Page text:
What is your 10X factor over your competition? Every industry has a bottleneck – how do you solve that bottleneck in ways others don’t or can’t? How do you stand out against the competition? Why should customers choose your company over the competition?
Here are 4 tips that can help your company stand out against the competition:
- Share your Story. Every company has a unique story to tell. By sharing this story, customers connect with your business on a more personal level. A compelling story can help them to identify not only what you sell but also why you sell.
- Connect with Customers. There is no better way to understand what customers want than by asking them. Talking with customers will help you recognize what your customers are looking for and how to provide solutions for their needs.
- Tell the Truth. Strong brands are clear and authentic about what they represent. If you don’t tell the truth, someone else will tell it for you.
- Discover your X-factor. Your X-factor in business is what makes you distinct from your competition. It’s what makes a prospect choose your product or service over another. It translates into many forms – a brand promise, a value proposition, a positioning statement, a tagline or even your secret sauce.
The secret to gaining distinction is to influence prospects by being who you are, operating from a foundation based on purpose, and working from a position of confidence about what difference you can make in people’s lives. How can you accomplish this?
When Lorrie and I were children, each morning our mother would lay out our clothes on a green “pleather” chair in our living room. You know those plastic leather chairs that were popular back in the 70s? The ones that if you fell asleep on them, your face would stick to the fake leather? Well, each morning we’d get up and get dressed for school and our outfits for the day would be sitting on that green chair and always they were exactly alike.
I never could figure out why she dressed us the same. But as a result, most people knew us as the “little twins.” I guess it was considered cute. They would say, “Look, there go the little twins.” They didn’t even know our names, only that we were twins.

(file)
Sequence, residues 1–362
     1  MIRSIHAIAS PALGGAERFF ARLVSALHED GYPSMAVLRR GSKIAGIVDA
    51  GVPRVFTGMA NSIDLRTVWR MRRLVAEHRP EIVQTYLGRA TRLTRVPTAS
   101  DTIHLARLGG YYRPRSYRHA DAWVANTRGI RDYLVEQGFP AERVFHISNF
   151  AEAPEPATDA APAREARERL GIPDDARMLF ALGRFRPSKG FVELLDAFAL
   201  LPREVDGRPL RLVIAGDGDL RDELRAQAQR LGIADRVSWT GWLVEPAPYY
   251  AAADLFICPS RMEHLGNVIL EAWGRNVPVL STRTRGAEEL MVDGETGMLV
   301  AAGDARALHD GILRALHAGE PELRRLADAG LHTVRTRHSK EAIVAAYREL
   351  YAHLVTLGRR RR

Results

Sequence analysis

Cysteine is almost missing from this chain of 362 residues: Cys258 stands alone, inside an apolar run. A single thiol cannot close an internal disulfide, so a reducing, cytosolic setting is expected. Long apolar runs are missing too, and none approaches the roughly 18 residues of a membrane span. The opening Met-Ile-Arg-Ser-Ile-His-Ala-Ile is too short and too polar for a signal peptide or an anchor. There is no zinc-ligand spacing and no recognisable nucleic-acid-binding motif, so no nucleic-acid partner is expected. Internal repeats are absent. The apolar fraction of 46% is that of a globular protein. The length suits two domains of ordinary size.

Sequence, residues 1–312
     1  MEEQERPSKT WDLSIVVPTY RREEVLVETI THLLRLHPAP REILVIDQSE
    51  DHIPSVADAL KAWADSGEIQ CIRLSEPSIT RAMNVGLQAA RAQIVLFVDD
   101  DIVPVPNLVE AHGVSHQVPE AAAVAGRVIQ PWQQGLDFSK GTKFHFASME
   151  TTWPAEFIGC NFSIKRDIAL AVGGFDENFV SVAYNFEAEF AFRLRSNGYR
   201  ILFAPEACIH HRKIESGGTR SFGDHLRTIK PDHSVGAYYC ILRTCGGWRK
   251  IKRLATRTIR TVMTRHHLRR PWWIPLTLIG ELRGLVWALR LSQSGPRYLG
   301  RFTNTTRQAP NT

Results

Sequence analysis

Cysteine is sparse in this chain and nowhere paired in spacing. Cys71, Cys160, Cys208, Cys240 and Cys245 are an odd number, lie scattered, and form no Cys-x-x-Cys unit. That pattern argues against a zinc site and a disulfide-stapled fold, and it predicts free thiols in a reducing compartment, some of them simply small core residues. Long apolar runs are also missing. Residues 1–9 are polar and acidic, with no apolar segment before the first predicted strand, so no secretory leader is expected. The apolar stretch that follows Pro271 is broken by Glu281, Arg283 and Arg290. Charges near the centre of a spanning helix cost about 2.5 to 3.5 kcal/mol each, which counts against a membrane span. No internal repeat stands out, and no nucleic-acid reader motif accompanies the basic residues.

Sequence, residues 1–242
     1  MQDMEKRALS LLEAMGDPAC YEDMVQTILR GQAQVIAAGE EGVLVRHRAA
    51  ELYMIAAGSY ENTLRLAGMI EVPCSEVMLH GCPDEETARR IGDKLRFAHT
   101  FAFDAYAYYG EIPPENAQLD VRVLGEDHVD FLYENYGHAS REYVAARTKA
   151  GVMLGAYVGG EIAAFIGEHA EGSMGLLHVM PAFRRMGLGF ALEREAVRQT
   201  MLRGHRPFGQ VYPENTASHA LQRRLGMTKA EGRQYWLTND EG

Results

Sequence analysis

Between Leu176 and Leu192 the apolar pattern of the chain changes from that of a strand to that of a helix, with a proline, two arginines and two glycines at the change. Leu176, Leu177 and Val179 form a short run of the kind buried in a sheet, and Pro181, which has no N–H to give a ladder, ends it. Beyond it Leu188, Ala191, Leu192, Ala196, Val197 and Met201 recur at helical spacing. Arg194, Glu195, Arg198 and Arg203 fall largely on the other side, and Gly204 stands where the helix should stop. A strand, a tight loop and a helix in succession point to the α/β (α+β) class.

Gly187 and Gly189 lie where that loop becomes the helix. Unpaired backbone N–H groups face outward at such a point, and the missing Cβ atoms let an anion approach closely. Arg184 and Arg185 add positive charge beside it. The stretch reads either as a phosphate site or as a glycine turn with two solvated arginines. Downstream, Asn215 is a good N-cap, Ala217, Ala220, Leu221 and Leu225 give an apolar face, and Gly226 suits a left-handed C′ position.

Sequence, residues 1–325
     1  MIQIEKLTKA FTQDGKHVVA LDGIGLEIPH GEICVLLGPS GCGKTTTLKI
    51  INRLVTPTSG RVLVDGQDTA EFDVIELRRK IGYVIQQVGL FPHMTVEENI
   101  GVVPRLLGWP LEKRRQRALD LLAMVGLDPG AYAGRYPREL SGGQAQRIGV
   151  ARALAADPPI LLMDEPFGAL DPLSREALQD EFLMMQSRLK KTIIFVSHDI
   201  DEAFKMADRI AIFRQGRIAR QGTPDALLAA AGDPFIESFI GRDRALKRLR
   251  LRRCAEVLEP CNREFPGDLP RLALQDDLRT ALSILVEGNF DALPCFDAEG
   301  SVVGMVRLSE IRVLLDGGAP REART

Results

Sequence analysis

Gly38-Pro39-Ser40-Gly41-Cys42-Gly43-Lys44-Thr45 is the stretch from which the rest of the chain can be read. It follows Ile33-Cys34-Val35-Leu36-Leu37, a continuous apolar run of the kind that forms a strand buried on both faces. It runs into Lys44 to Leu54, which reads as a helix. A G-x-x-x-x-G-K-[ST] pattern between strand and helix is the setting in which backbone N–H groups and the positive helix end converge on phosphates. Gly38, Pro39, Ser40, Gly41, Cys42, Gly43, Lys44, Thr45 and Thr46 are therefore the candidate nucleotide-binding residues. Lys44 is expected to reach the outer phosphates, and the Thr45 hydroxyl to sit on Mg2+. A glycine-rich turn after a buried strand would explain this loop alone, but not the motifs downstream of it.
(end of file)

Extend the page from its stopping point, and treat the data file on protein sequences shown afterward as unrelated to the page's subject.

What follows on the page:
Our grandmother made most of our clothes, so maybe it was easier to simply make two sets of everything rather than sewing separate things for the two of us. Maybe they didn’t want to show any preference for either one by picking out different clothes. Maybe it was their way of emphasizing the special relationship that twins share. I’m not sure, but I can say with certainty that it makes it very hard to stand out and be noticed as an individual when you always look exactly like somebody else.
I didn’t think about it much until I was almost 13. Around that time, I remember clearly that looking and being different from my twin sister was just about the most important thing in my world. I wanted to be seen as a separate and distinct person. And when you’ve been one-half of the little twins for 13 years, you have to make some pretty dramatic changes to alter that perception.
So that’s what I did. I dressed as differently as I could, which back in those days meant I wore black a lot. I cut my hair differently, I hung out with other people who were trying to be different, too—artists, musicians and other experimental types who for one reason or another were trying to find their own identities. What I found was that most of what I did to be different was external. I was trading being part of one group (the twins) with being part of another, larger group (creative types).
Most of us want to be recognized for our differences—the unique qualities that make us special and help us stand out from everyone else. It took me many years of trying to be something or someone else before I learned the important truth that the shortest course to being different is to be more of who I am.
Identifying the characteristics that distinguish a company from its competitors has never been more essential for success than it is now. The Internet and global media have drawn every industry in to international focus. With these changes come expanded opportunities as well as expanded exposure. If a company does not tell its own story, someone else will create it for them.
In the process of standing out, you learn to define and communicate your purpose (who you are) and what you stand for. And you make your purpose a focus of your marketing efforts and messaging (what you do). Next you explore your brand personality to find out which parts best represent the strengths and memorable qualities of the main character of your brand story (your company). All of these steps can establish and direct how your business can become noticed, remembered and distinguished in the marketplace.
Are you looking for a tool to help you discover what makes your company stand out?
Meet BrandintheBox™. It’s like having a CMO delivered straight to your doorstep. BrandintheBox™ is a monthly subscription brand kit developed by TwinEngine to grow your brand and business by empowering your team through actionable tools and guides. You may have a solid business strategy and plan, an excellent product or service, talented and dedicated employees and a rockstar sales and marketing team—you may be doing all these things right—but if you don’t stand out, you lose. BrandintheBox™ offers a clear and structured approach to mastering how to stand out, be remembered, and become a trusted and preferred choice of customers and prospects. BrandintheBox™ does this by focusing on the eight fundamental areas of a brand: purpose, reputation, visuality, authenticity, ideal leads, distinction, strategy and mindset.
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